MUSIC ON SUNDAY . . . Hymnals fashion our experience of hymns in many ways. In the United Kingdom, Anglo-Catholic churches generally use The New English Hymnal, published in 1986, as an updated and revised version of The English Hymnal of 1906. This is a great resource, with Ralph Vaughan Williams as music editor ensuring that the quality of melodies and harmonization was at a very high standard and that a richly varied repertoire of tunes was included. Here at Saint Mary’s, as at most Episcopal churches, we generally use The Hymnal 1982 as our in-house resource for hymns. (Thankfully, the bulletins that are created each week allow us to avoid juggling the heavy hard-backed hymnal and Prayer Book in an attempt to keep up with the liturgy.) It’s a respected and intelligent hymnal, successful in attaining a judicious balance between ancient melodies—many notable examples of plainchant among them—and more contemporary ones. It also includes many distinguished and powerful American melodies. Sometimes well-known hymns are set to different tunes on either side of the Atlantic: “I heard the voice of Jesus say” is usually sung to Kingsfold in the United Kingdom; here we use Tallis’s Third Tune. “Love divine, all loves excelling” is often sung to the Welsh tune Blaenwern and not Hyfrydol. In England, Anglicans usually sing “Ride on, Ride on in majesty” to the seventeenth-century German tune, Winchester New. Episcopalians might know it as the tune for “On Jordan’s bank, the Baptist’s cry.” It is a serviceable tune with a decent measure of pomp, but it doesn’t quite have the power of The King’s Majesty, written by Canadian composer Graham George (1912–1993). This tune has different lengths of measures, allowing a flexible response to the words, and its melodic shapes are powerfully drawn. It captures also something of the bittersweet essence of Palm Sunday; for all the exultant cries of “Hosanna,” this tune is in a minor key, and there is something in that closing measure that emphasizes this and conveys the darkness of “the approaching sacrifice.”

VISUAL ARTS PROGRAM . . . A new exhibition, “Recent Work by José Camacho,” will open soon in the Gallery in Saint Joseph’s Hall (STJH). A reception to celebrate the opening will take place in STJH on Thursday, March 31, 7:30–10:00 PM. For more information, please contact the gallery curator, José Vidal.

WE ARE GRATEFUL TO OUR NEIGHBORS . . . We have recently received donations of cash, clothing, food, furniture, and toiletry articles from a number of our neighbors, which we are using to assist with our ministry to the homeless, our work with the Saint Clement’s Food Pantry, and for use here in the parish. We are very grateful to the following for their generosity: Actors’ Equity; Forever 21; Fox News; Pillsbury Winthrop Shaw Pittman LLP; The Muse Hotel; and US Trust. It’s wonderful to have such good neighbors!

ADULT EDUCATION . . . Sunday, March 20, at 10:00 AM, on the second floor of the Mission House, Father Peter Powell will continue his series on The Succession Narrative: 2 Samuel 11–20; 1 Kings 1–2. This class has continued throughout the season of Lent. The final session of the class will take place on Palm Sunday, March 20 . . . Next up: Beginning on Sunday, April 3, Matthew Jacobson will begin his four-part series, Reading the Fathers: An Exploration of the History, Spirituality & Theology of the Early Church. A notice about the class has now been posted on the parish website. Take a look at the icon there of Saint Polycarp, who was martyred around AD 155. An early and important account of Saint Polycarp’s martyrdom will be read during this series . . . On Sunday, May 8, Stephen Morris will give a presentation on his new book, When Brothers Dwell in Unity: Byzantine Christianity and Homosexuality (McFarland, 2015) . . . The Wednesday Night Bible Study Class will not meet on March 23 or 30. The class will resume on April 6 at 6:30 PM.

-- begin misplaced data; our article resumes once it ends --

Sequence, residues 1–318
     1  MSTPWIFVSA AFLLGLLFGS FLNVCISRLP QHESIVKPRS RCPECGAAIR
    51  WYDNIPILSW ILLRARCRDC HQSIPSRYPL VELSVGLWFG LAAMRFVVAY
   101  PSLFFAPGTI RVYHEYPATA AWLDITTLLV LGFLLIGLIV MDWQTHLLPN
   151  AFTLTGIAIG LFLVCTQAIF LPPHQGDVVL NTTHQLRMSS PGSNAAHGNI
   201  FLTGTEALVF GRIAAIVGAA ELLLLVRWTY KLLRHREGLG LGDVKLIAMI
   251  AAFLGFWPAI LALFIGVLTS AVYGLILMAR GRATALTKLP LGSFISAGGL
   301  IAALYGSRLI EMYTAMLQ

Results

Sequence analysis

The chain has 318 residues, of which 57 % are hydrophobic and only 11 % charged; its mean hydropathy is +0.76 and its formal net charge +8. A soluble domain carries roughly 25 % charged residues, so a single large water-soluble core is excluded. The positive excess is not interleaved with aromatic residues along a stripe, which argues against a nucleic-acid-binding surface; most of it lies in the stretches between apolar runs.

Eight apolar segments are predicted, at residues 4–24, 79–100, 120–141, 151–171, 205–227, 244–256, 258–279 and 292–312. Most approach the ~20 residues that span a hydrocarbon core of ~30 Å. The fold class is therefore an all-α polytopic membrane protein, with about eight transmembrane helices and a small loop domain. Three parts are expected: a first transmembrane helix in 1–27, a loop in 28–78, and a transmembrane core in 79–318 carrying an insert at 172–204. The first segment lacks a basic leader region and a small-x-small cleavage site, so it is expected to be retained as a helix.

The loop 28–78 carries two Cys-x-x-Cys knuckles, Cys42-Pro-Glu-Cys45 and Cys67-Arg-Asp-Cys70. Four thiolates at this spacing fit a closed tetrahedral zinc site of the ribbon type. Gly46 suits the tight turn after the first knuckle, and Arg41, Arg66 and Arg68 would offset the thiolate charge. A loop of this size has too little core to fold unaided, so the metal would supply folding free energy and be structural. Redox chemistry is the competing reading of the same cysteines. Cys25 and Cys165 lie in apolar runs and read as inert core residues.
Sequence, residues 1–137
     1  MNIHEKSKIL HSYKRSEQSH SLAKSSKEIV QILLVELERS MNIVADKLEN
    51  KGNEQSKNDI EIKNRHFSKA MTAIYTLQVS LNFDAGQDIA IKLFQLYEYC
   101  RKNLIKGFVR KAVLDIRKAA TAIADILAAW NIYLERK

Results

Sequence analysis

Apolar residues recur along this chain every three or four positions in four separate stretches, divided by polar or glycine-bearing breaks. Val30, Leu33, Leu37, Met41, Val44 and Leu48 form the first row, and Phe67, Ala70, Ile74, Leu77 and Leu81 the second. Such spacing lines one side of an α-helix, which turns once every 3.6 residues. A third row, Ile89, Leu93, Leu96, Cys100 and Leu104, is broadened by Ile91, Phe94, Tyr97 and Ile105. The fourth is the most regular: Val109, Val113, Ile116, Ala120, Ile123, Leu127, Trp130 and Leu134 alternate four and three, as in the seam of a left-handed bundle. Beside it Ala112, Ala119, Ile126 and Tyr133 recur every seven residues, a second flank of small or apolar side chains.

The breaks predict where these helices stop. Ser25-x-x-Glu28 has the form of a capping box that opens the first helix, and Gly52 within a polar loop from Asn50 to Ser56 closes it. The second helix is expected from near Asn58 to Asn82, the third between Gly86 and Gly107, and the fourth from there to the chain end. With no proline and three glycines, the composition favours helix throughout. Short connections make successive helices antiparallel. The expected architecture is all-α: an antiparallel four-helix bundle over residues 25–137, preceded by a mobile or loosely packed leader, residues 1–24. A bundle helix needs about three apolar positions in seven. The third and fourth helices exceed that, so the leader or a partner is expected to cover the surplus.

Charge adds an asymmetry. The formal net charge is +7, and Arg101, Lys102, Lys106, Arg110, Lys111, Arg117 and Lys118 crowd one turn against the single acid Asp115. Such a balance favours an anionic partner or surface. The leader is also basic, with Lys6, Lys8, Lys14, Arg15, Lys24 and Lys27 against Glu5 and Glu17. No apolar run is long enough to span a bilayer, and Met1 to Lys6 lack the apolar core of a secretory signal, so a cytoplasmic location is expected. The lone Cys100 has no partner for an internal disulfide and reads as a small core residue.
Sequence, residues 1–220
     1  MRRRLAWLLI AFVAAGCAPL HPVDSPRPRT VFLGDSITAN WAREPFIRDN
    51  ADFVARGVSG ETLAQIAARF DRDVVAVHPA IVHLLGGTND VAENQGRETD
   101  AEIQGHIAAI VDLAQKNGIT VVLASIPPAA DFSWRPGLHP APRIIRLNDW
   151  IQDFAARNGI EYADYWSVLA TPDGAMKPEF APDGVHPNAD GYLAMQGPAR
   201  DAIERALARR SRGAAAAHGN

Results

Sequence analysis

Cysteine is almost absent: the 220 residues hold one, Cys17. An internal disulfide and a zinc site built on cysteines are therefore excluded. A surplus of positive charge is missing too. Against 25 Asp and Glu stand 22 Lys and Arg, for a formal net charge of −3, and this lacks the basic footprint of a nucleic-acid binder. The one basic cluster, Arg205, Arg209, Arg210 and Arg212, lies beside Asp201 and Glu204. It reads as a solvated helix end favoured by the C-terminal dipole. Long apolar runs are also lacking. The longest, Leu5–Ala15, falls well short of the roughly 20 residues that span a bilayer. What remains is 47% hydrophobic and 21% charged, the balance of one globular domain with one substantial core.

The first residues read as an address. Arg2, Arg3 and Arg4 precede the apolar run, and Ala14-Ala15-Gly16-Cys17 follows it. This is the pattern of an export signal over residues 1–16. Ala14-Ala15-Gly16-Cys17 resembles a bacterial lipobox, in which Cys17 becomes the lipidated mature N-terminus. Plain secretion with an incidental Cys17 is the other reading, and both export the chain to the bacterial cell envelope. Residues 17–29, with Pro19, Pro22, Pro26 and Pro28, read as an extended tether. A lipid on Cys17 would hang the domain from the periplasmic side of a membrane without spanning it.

JOHN DONNE: GOOD FRIDAY AND THE ANNUNCIATION . . . March 25, 2016, is Good Friday. In years when March 25 does not fall during Holy Week or Easter Week, that day is kept as the Feast of the Annunciation, and for many Christians March 25 is closely associated with that holy day. The “symbolically rich concurrence” of Annunciation and Good Friday rarely happens. In the twentieth century it happened only three times (in 1910, 1921, and 1932). In the twenty-first century it happens only twice (2005 and 2016). It also took place in 1608 (according to the Julian calendar). The great Anglican poet John Donne wrote a poem to mark the occasion, “Upon the Annunciation and Passion Falling upon One Day, 1608.” This year at Saint Mary’s we will celebrate the Annunciation on Monday, April 4. The Right Reverend Mark S. Sisk, XV Bishop of New York, will be celebrant and preacher for the Solemn Mass at 6:00 PM.

OUTREACH AT SAINT MARY’S . . . We are collecting warm clothing (coats, jackets, scarves, hats, and gloves) for distribution here at the parish. Please bring donations to the parish kitchen on Sunday or contact Father Jay Smith . . . We continue to collect nonperishable food items for our outreach partner, the Food Pantry at Saint Clement’s Church, 423 West Forty-sixth Street. —Jay Smith

AWAY FROM THE PARISH . . . Monday, March 21, 7:30 PM, The Peccadillo Theater Company presents a staged reading of It Can't Happen Here by Sinclair Lewis & John C. Moffitt, adapted from Lewis’s novel, starring Greg Mullavey and directed by Dan Wackerman. The reading is part of “The-Plays-You-Should-Know-But-Probably-Don't

Reading Series.” At The National Arts Club, 15 Gramercy Park South. Admission is free. Reservations must be made in advance via e-mail. Dan Wackerman, and his husband Kevin Kennedy, are good friends of Saint Mary’s and often worship with us on Sunday mornings.